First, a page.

The human security implications of the current refugee situation
Intended and unintended consequences of EU policy instruments
Ninna Nyberg Sørensen, Nauja Kleist & Hans Lucht
As the European Union and its member states pursue joint and bilateral policies to meet the dual challenge of managing the current refugee situation, migration management is emerging as a top priority area in various policy fields, including foreign, security and development policy. The emphasis on combatting irregular migration and increasing both external and internal border control may have brought down the number of detected entries to Europe. Yet, these measures have created considerable unintended human security consequences for people on the move in search of security, survival or better livelihood opportunities.
A new DIIS Report takes a closer look at recent EU migration policy instruments (including the controversial EU-Turkey deal) and reviews challenges for human security, for border security and for European geopolitical security. The report concludes that European policy responses to the refugee situation have undermined the human security of those who need it most: people fleeing violent conflicts and other life-threatening situations. The sealing-off of Europe’s external borders have led migrants and refugees to seek out riskier routes and created a hitherto unknown level of human smuggling, driving human mobility underground.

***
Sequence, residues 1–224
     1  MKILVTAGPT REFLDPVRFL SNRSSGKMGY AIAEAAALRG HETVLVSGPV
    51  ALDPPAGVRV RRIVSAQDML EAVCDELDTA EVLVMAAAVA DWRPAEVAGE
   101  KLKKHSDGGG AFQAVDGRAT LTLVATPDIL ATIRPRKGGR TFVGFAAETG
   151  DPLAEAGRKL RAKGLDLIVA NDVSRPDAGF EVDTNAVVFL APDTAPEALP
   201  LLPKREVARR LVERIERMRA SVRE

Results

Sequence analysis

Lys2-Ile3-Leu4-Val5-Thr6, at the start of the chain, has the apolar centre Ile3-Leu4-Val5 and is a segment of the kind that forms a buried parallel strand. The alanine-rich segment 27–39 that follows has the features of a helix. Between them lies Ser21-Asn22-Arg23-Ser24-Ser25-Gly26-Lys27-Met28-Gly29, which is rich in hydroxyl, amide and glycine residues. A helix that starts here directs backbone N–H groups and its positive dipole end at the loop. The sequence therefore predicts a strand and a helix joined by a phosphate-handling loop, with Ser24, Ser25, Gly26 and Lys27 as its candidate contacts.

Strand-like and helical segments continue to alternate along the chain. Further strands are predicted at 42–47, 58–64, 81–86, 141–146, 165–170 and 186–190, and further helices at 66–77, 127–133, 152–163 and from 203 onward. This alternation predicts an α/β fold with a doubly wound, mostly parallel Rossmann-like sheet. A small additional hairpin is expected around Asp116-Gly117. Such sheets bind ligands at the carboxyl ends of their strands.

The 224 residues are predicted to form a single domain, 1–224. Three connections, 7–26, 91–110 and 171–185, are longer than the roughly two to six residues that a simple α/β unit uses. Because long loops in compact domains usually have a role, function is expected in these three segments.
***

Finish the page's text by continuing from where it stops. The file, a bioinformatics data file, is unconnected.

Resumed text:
Third country agreements on joint migration management have provided a welcome solution to political pressures to stem migration in the short term. The long-term unintended consequences of striking deals with regimes that otherwise attract criticism are still unclear. There are signs, however, that the containment of migrants and refugees within the territories of such states is becoming a bargaining tool that may act against EU foreign policy interests